24.     The combination of liquidity conditions and revised government borrowing estimates have had contrasting impacts on the yield curve. At the short end, as the LAF window operated in deficit mode, the overnight interest rates were generally close to the ceiling of the LAF rate corridor during September-October 2010, even exceeding it on occasions in response to sudden surges in demand. However, at the long end, the announced reduction in net borrowing of the Central Government had a downward impact on government bond yields, as the 10-year benchmark government security yield fell to about 7.92 per cent in early October 2010 from a high of 8.07 per cent in August. Yields have risen again recently, reaching a high of 8.14 per cent on October 20, 2010, reflecting the tightening of liquidity conditions.

25.     Domestic equity prices firmed up significantly in recent weeks due to large inflows from foreign institutional investors (FIIs), driven by better domestic growth prospects and a surfeit of global liquidity. The foreign exchange market, which witnessed a significant increase in net inflows beginning September 2010, has remained orderly with the rupee showing two-way movements in the range of `44.03 – `44.74 per US dollar during October 2010.

26.     During 2010-11 so far (October 22, 2010), the rupee appreciated by 0.4 per cent on the basis of trade based 36-currency real effective exchange rate (REER). The extent of appreciation was, of course, higher on the basis of 6-currency trade based REER (3.1 per cent) reflecting both the nominal appreciation of the rupee against the US dollar during this period and the higher inflation differential with major advanced countries. Since the 36-currency REER includes the currencies of many countries which are India’s direct competitors in the global market, it is a better reflection of the impact of global exchange rate movements on competitiveness. The relatively small appreciation in this index reflects the fact that many competing countries have also seen their currencies appreciate during this period. From this perspective, the impact of the recent nominal appreciation of the rupee may not have a significant implication for competitiveness.

27.     The continuing sluggishness of the global economy led to some moderation in exports growth and invisible receipts, while import growth accelerated due to the strong domestic recovery. Consequently, both the trade deficit and the current account deficit (CAD) widened in Q1 of 2010-11. If the current trend persists, CAD as a percentage of GDP will be significantly higher than in the previous year. It is generally perceived that a CAD above 3 per cent of GDP is difficult to sustain over the medium-term. The challenge, therefore, is to rein in the deficit over the medium-term and finance it in the short-term. The medium-term task has to receive policy focus from both the Government and the Reserve Bank. The short-term task is to see that the current account is fully financed while ensuring that capital flows are not far out of line with the economy’s absorptive capacity and that the component of long-term and stable flows in the overall capital flows is high.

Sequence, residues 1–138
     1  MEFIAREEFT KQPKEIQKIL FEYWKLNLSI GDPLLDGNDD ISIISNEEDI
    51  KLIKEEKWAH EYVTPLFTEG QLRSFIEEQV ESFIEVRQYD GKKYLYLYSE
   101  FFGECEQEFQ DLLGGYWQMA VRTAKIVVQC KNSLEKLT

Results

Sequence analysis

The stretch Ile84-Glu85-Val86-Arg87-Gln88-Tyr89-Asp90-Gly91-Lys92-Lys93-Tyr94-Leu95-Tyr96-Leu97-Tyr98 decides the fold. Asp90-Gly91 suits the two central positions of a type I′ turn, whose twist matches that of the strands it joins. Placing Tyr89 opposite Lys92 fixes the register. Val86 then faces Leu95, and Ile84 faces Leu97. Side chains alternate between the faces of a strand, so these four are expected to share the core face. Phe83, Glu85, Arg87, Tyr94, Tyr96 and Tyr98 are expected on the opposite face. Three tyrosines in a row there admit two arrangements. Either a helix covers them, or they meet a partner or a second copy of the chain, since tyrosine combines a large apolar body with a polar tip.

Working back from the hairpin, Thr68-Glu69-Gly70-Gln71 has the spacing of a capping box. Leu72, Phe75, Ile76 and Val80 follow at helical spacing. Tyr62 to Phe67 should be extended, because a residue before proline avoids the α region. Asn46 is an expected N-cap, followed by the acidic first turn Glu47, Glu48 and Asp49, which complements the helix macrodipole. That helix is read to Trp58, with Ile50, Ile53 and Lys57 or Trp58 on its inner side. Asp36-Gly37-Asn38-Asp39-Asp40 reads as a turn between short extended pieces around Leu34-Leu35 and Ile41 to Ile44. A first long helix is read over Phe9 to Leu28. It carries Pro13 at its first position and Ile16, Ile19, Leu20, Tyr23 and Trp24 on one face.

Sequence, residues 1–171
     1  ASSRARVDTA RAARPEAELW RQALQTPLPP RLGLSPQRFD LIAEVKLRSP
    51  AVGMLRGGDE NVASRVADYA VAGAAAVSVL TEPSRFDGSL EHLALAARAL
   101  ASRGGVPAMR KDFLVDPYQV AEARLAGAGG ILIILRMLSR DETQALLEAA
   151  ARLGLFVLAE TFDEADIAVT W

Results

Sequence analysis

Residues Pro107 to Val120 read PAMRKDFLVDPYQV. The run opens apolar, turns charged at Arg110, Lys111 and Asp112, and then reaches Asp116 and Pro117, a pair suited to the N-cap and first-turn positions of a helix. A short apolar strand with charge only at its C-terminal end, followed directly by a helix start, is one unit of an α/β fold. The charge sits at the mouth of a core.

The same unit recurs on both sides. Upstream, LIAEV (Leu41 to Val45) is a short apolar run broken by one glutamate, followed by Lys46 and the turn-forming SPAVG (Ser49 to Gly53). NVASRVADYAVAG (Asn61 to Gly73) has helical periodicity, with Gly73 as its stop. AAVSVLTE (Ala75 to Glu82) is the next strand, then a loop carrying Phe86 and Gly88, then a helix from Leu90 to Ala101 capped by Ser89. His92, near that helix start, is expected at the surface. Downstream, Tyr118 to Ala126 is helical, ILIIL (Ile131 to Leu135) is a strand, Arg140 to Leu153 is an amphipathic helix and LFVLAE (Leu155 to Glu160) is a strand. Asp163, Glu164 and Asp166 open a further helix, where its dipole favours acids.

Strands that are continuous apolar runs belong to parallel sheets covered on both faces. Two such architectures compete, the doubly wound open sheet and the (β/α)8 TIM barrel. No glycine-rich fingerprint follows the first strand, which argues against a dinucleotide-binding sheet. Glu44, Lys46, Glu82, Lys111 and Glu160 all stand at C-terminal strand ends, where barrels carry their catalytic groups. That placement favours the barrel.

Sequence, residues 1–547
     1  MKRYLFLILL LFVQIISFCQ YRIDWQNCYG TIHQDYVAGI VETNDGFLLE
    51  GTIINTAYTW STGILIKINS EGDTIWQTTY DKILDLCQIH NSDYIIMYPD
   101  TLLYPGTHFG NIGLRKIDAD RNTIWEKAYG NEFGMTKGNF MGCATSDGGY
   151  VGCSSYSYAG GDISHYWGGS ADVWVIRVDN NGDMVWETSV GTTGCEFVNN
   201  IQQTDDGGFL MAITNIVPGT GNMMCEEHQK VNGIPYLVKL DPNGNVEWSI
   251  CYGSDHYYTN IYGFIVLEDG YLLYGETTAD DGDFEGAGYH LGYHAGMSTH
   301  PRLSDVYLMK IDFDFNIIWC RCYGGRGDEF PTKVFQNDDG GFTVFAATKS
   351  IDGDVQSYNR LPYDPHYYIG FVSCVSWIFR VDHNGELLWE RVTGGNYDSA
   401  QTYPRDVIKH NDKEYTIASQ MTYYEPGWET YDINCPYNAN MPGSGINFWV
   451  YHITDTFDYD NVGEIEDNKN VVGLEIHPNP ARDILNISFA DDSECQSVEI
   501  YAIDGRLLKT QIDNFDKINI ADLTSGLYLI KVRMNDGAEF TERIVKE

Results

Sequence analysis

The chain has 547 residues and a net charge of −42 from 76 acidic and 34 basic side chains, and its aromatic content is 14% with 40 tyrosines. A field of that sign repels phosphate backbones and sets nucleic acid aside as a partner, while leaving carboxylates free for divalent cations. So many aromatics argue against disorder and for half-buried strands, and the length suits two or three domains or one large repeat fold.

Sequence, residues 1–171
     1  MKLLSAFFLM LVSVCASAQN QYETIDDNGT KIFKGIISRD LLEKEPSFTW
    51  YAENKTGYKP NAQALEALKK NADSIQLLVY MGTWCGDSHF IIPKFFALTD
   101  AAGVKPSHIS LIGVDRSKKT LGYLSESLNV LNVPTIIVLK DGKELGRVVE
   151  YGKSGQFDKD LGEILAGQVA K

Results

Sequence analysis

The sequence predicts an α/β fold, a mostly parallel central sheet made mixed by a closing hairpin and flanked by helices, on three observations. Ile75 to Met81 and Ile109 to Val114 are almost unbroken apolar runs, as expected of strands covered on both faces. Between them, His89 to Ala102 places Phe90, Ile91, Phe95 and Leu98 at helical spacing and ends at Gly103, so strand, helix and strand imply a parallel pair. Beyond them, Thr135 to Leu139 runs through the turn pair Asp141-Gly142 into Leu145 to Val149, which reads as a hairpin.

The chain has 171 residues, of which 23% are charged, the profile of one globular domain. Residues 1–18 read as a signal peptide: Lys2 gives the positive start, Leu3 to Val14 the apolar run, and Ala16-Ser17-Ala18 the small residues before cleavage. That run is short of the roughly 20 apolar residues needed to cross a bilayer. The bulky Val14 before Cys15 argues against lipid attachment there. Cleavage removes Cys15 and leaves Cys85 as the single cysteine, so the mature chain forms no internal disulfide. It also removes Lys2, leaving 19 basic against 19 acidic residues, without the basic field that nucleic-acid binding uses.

II. Outlook and Projections

Global Outlook


28.     In its latest World Economic Outlook, the IMF has projected global growth to slow down from 4.8 per cent in 2010 to 4.2 per cent in 2011. Various indicators of economic activity in advanced economies point to deceleration of growth in the second half of 2010 which could persist through the first half of 2011. The room to provide additional fiscal stimulus to support the growth process remains constrained due to debt sustainability issues in some major advanced economies. Reflecting global linkages, the slowdown in the global recovery will have an adverse impact on growth in EMEs, including India, especially through the trade channel.


29.     Inflation in advanced economies in the short-term is expected to remain subdued due to the prevailing low levels of capacity utilisation and high unemployment rates. However, the recent upward movements in international commodity prices, despite prospects of slow global recovery, raise some concerns. Several EMEs are already facing inflationary pressures. Food, energy and metal prices, in particular, have seen significant increases. The upward risk to inflation, therefore, has increased for EMEs, both from rising domestic capacity utilisation and from global commodity price increases.

Domestic Outlook


30.     Taking into account the good performance of the agriculture sector, and a range of indicators of industrial production and service sector activity amidst the prevailing global macroeconomic scenario, the baseline projection of real GDP growth for 2010-11, for policy purposes, is retained at 8.5 per cent, as set out in the July 2010 review (Chart 1).

31.     The Reserve Bank’s growth projection for 2010-11 is consistent with the median growth forecast from its professional forecasters’ survey and other agencies.


32.     Although the headline inflation has moderated in recent months, the current rate of inflation is still well above the comfort zone of the Reserve Bank. The Reserve Bank’s quarterly inflation expectation survey conducted during the first fortnight of September 2010 indicates that short-term household inflationary expectations have increased marginally. Further, notwithstanding some moderation, food price inflation has remained persistently elevated for over a year now, reflecting in part the structural demand-supply mismatches in several commodities – besides protein sources, oilseeds and vegetables also show this pattern. Given the changing consumption patterns and as yet inadequate supply response, food price inflation is becoming increasingly structural in nature. Further, even as non-food manufacturing inflation has indeed moderated, it still remains above its medium-term trend.